What should we do to maximise the success of our SharePoint projects? Deontic Neutral Non Engineer

The first factual (how) question is framed in a negative context. To some, this will imply that past SharePoint projects were failures. Whether this is true or not, most engineers would not give it a second thought, but in a highly political environment, this can easily be misconstrued as bias. Additionally, it also has the effect of reinforcing the negative feel in the answers to the question.

The second factual question changes the frame from negative to positive. "How to prevent…" changes to "how to succeed". This is likely to be a better question in a political sense, but it is still factual. It’s in the same vein as child psychologists teaching parents to not use ‘"Don’t…" with their kids. For example, instead of telling your kids "Please don’t mess up your room" use "Please keep your room tidy!"

The third question changes the frame of the question into a deontic question, characterised by the "What" and the fact that there is no implied course of action in the wording of the question.

When you think about this third question, it can be answered by a broader range of ideas than the how questions. By asking "what should we do", we are more likely to quantify "what is the problem", rather than dive straight into the "how should we solve the problem" line of questioning and then finding ourselves getting caught up in courses of actions. It may be subtle, but often when you start out with a "how" question, there is usually an implied deontic question that may be different for each participant. Thus, if you do not make that root question explicit, it is easy to see how people can very quickly not be on the same page. How do you know if you are all solving a common problem? ๐Ÿ™‚

You are kidding, right?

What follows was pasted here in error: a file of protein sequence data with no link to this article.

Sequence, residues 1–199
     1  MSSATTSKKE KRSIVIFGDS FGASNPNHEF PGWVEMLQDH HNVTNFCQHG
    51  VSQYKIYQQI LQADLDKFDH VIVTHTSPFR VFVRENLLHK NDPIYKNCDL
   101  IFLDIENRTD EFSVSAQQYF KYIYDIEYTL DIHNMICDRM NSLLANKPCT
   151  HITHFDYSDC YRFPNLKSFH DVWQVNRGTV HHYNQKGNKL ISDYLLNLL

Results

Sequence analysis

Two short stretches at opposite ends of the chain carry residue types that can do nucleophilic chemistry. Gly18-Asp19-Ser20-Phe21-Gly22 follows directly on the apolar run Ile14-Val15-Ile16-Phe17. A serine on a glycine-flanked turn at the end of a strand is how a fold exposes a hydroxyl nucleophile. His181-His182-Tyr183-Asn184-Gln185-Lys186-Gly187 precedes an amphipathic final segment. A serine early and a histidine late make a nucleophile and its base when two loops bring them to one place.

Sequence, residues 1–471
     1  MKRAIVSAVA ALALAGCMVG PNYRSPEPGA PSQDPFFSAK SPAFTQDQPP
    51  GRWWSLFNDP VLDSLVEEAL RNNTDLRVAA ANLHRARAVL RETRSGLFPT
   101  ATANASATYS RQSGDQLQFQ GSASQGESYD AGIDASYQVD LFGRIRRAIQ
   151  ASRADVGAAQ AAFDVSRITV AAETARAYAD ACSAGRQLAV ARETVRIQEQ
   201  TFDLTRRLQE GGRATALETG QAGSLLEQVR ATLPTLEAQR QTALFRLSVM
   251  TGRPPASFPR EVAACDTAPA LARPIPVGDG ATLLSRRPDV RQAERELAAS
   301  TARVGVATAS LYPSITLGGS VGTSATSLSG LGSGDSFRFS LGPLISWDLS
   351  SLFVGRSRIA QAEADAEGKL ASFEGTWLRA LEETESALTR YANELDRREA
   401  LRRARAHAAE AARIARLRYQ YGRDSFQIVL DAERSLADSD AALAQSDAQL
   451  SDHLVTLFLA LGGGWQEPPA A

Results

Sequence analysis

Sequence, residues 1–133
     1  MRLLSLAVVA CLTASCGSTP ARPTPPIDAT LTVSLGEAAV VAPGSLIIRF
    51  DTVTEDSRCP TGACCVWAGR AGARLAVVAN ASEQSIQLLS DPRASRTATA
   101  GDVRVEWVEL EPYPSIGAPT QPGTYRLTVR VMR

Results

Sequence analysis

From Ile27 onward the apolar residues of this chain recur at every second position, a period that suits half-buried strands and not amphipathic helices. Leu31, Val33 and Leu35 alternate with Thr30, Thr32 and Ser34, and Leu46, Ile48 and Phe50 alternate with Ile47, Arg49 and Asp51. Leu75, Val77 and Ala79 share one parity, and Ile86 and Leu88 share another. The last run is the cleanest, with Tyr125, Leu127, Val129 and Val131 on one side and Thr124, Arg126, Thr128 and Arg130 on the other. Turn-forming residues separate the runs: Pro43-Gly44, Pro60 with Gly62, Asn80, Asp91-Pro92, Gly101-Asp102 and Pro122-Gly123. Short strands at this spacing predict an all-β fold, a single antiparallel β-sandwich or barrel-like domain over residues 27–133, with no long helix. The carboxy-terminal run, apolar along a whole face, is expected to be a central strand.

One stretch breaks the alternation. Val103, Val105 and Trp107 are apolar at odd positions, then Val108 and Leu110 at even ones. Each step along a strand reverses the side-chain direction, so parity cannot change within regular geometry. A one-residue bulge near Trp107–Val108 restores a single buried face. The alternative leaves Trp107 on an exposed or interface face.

I know what you are saying. Is there really that much of a big deal over whether a question is deontic or instrumental? You wouldn’t think so, would you, but SharePoint projects are prone to take on wicked tendencies for reasons previously discussed. One of the techniques for dealing with wicked problems is through shared understanding among participants. A complex product like SharePoint often has inevitably fluid requirements that arise from different levels of understanding. Therefore, even small misunderstandings at the start of the journey can become big problems if the delivered product includes assumptions that were never tested.

So next time someone in the business asks you a question about something new, or something previously not done before, listen carefully to the question being asked and see how often you catch yourself diving straight into the ‘how’ before asking the ‘what’ question.

Thanks for reading

Paul Culmsee

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13 Responses to It’s all in the way you ask the question…

  1. PM Hut says:

    The context (positive/negative/neutral) reminded me of something that is distantly related. Some companies, when posting jobs for Project Managers, require the following:

    – Must be able to adhere to deadlines. (eg Are you able to meet deadlines?)

    Does this mean that meeting deadlines is an issue for the company, or the norm? If it’s the norm, why mention in the second bullet point? Why not mention it in the overview of the company? I think there’s a subtle negativity in this requirement.

    Btw, the question “What should we do to maximise the success of our SharePoint projects?”, I assume if we change it to “How can we maximise the success of our SharePoint projects?” then it would be positive, am I right?